The Commission on the Future of Higher Education on Thursday approved the final draft report of recommendations for improving U.S. higher education to ensure that graduates remain competitive in an ever-changing global economy.
Though the report garnered near-unanimous approval, some commission members said they had ongoing concerns about the report as well as the state of U.S. higher education.
“Our findings indicate that these days, we are principally privileging the privileged – [those] who, by virtue of circumstances of birth and civic status, are able to have expectations that match their aspirations,” said Dr. Arturo Madrid, a commission member and Trinity University humanities professor. “All of us here had most of those conditions. We need to remind ourselves that a very large percentage of our potential students do not.”
The new draft calls for increasing higher ed access and performance via more aid to low-income students and enhancing student preparation; the restructuring of the financial aid system to improve the measurement and management of costs; and the creation of a “consumer-friendly” higher ed database to track student performance.
The panel also recommended revamping higher ed curricula to encourage innovation and emphasize math and the sciences; develop a national strategy to promote lifelong learning; and increase federal investment in “areas critical to our nation’s global competitiveness” such as engineering and medicine.
Commission member Dr. David Ward, president of the American Council on Education, said this new draft is still too pessimistic and critical of U.S. higher ed and does not do enough to highlight and promote higher ed “best practices.” He is the only commission member who says he will not sign the report.
“I guess I may be providing rain on this unanimous reaction to the report. I do share with everybody a very positive reaction to the report, but in its entirety, I feel reluctant to sign it,” Ward said. “Where I think I have apprehension is that I wish we could have built our arguments more on the strength of higher education than on the idea that there may be a crisis or even an emerging crisis.”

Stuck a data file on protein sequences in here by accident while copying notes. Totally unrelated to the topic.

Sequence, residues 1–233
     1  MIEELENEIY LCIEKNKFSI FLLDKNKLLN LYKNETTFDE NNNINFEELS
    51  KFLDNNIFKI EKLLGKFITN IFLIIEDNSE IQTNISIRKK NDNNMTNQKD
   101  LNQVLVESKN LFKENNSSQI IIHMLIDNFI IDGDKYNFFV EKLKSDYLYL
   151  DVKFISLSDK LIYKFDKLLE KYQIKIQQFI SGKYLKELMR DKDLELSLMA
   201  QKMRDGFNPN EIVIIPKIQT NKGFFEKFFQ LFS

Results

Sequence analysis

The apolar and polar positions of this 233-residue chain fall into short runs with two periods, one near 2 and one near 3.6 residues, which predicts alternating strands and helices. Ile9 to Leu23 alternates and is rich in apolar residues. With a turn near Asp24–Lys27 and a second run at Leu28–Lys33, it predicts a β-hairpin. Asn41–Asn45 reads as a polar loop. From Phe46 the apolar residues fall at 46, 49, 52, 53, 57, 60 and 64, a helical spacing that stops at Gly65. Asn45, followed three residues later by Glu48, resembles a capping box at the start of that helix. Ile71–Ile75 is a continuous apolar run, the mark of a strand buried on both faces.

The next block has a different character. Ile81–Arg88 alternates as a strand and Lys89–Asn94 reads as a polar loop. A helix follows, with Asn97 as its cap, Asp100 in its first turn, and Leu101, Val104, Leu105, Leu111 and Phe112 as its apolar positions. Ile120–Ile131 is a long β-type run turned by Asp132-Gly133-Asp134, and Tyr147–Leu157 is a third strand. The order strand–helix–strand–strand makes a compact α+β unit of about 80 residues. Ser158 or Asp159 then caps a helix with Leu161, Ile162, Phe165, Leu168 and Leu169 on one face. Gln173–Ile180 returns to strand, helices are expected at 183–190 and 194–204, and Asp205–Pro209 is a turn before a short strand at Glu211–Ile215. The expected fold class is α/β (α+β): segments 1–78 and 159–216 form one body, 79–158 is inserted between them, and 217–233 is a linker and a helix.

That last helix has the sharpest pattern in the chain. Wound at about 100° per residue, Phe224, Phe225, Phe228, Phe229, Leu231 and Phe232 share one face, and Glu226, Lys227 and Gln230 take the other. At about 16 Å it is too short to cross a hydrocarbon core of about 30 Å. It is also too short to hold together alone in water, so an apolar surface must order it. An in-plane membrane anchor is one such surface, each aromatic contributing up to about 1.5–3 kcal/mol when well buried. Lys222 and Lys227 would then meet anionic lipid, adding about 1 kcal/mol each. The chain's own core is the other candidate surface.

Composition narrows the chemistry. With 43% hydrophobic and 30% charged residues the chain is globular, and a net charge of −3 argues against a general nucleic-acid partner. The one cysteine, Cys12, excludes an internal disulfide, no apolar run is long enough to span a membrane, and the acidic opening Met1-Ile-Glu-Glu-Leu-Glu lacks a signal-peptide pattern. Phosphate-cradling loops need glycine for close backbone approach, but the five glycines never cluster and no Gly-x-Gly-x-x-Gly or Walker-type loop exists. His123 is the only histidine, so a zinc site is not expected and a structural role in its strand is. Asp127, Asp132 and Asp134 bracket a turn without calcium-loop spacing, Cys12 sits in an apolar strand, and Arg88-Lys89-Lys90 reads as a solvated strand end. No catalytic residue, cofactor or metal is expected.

Commission member Dr. Charlene R. Nunley, president of Montgomery College in Rockville, Md., said she backs the report as it addresses pressing concerns she has as a community college president working to increase access to higher ed for disadvantaged students.
“When I came on the commission I came with some goals, one of those goals was to try to ensure that this report had a powerful statement about access, which I believe is the most crucial issue for the future of our country. And I’m very pleased to say that it does that,” Nunley said.
“By access, I don’t mean just getting students in the door,” she added. “I mean broadening access to historically underrepresented populations and progressing them through and out the door which I think we still have some very significant challenges to face in higher education.”
The latest report is very different in tone than the first draft, issued in June, which caused widespread uproar, specifically over a recommendation to create the national database to track U.S. students’ performance over time to gauge real-world payoffs of an American education. Raising privacy concerns, critics blasted the proposal saying such a database could amount to domestic spying. Critics also objected to statements in the previous draft blasting American higher ed for being ineffectual and unaccountable.
In response, the commission toned down some of its rhetoric in the new draft recommendations approved yesterday and took pains to note that the national database it calls for should be “privacy-protected” and not allow personal information like social security numbers and names to be tracked along with performance data.
Commission staff will polish up the report and commissioners will sign it. The commission’s final report to Education Secretary Margaret Spellings is due in next month.
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